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Attendance procedures

(13 Posts)
Rewn7 Tue 06-Feb-18 15:30:15


This is purely curiosity as DD has good attendance but I was wondering if anyone on here works within the attendance teams of a school or council and could say what the standard practice is for when children’s attendance at secondary school falls.

Is there a set protocol or can Schools/academies decide their own?

E.G. if a child only had 80% attendance now, considering we are only half way through the year, what steps are normal?

I know 80% now might only equal 90% by end of the year so was curious how it all works as it’s something that I (oddly) find interesting.

Perhaps I should consider a career change grin

LadyLapsang Wed 07-Feb-18 21:29:30

Are you considering taking your child out of school?

Rewn7 Wed 07-Feb-18 21:49:11

No not at all. Just genuinely curious about procedures. I find the subject interesting. Also find admissions fascinating but was asking about attendance in this post.

fleshmarketclose Wed 07-Feb-18 21:58:05

Dd got a letter when her attendance fell below 70% to advise me of this have had nothing since and it is considerably lower than that now. I engage with school and health services and seemingly that is enough. No idea when or if dd will ever manage school full time again but nobody but me seems to consider it their concern tbh.

Lexi123 Wed 07-Feb-18 22:05:17

Hi, I work in a secondary school where attendance targets are set annually. 90% or lower is classed as below target. Authorised absences are medical appts, illness or exceptional circumstances re a bereavement, family engagement, funeral etc although it is stated that medical appts should be made out of school hours ideally. Unauthorised absences include, holidays, refusal to come into school or any absence where a valid reason isn’t given. If your daughter is already at 80% now you certainly don’t have anything to worry about.

admission Wed 07-Feb-18 22:08:04

Schools are responsible for the attendance at their school. So most now assume that 95% + is the norm and therefore as soon as attendance dips below 95% they will be sending letters and asking questions. The best schools have well rehearsed procedures so that they know who are their poorer attenders and are constantly looking for ways to improve attendance. So for instance I know of one primary school where they paid for a taxi for three siblings where attendance and lateness was a major problem. Result was subsequently 100% attendance, which was a successful intervention.
At some stage in the process the EWO will also get involved (usually when the attendance has dropped to 85% or less) because in many instances the poor attendance is to do with family circumstances. The school will need to work in tandem with the EWO to try and keep attendance at a high level.
There is another issue in schools and that is lateness because the 15 minutes that the pupil is late in the morning does accumulate to a sizable amount of time. Again the best schools have good processes to monitor and continually work to improve lateness.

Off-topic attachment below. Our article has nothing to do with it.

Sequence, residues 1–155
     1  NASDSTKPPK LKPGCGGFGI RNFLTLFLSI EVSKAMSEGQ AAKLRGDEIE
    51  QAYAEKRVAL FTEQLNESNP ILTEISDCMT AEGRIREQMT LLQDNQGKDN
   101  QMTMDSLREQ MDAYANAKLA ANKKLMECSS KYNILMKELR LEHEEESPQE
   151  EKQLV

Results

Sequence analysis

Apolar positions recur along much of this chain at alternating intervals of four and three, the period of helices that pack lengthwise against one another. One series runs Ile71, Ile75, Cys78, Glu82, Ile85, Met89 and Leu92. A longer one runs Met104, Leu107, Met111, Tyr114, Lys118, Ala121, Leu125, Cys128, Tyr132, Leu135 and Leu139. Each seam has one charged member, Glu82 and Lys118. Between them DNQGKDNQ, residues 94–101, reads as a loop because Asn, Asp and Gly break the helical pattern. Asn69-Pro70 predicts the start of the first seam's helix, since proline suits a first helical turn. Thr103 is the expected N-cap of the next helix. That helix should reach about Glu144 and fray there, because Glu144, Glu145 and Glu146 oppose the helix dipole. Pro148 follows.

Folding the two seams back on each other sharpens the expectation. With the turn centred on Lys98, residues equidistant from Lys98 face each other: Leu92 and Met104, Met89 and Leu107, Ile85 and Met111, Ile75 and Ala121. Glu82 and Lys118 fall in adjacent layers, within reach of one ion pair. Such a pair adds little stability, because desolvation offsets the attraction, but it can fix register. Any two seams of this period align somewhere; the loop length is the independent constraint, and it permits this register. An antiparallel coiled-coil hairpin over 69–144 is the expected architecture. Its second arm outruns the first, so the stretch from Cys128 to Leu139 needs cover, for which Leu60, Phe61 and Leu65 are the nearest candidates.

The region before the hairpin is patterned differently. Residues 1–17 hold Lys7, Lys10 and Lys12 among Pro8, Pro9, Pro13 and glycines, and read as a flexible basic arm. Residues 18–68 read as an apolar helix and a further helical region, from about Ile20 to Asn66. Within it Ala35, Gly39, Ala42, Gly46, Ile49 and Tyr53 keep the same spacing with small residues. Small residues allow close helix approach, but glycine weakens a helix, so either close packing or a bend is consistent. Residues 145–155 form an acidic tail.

There is also another aspect to this and that is that poor attendance and especially lateness is a big clue that there are issues in the home. If the school can spot this and maybe arrange a TAF (team around the family) it can head off some of the more difficult social situations. So there is actually to me a good reason for schools working on attendance and lateness over and above the much stated and questionable need to cram in every available minute for education purposes.

Rewn7 Wed 07-Feb-18 22:20:47

Thanks all. DD has 100% attendance (for years) so it’s not out of any concern for her. I just find it a very interesting subject.

I’ve heard of people locally being fined and also taken to court in extreme circumstances, but wondered how schools improve it when a child simply keeps not turning up.

It’s also interesting to understand the difference between authorised and unauthorised.

I didn’t realise that ‘sickness’ was authorised? Does this mean that if a child is regularly off sick less action would be taken? Even without medical proof? Whereas refusal to come in would be unauthorised and therefore provoke more action? In that case surely parents of these children would lie and say they are ill.

It’s all very interesting and I think a very hard area to manage. I do think perhaps I need to get a job in a school since it all intrigues me so much grin

Lexi123 Wed 07-Feb-18 22:37:56

Illness is only authorised if a parent contacts school. If for instance it is a week or more medical proof is required. For those who are sick long term,there are procedures in place whereby,there are medical letters/ hospital review letters and regular contact with parents. Work is also sent home for the child. School refusal isn’t that common but it is referred to the EWO who take it into their hands.

Rewn7 Wed 07-Feb-18 22:45:41

Thanks Lexi. So is the overall attendance % looked at or is the ‘authorised’ absence not taken into account when establishing attendance percentages/triggers for further action?

Astronotus Wed 07-Feb-18 23:41:57

Lexi123. I have read of a school with currently over 20% persistent absence rate. Is this unusual and what might this mean?

Lexi123 Thu 08-Feb-18 09:21:02

Astronauts that is unusually high and in that instance I wouldn’t be surprised if the school required an inspection.

Lexi123 Thu 08-Feb-18 09:40:45

Go to yiubcan compare with local schools re attendance/persistent attendance.

Astronotus Thu 08-Feb-18 13:50:02

Thank you Lexi, that is very helpful. The school is Ofsted Outstanding and has been for a number of years but the persistent absence has soared in the last few years. They have a new head though and I believe Ofsted inspect in the first year of a new head.

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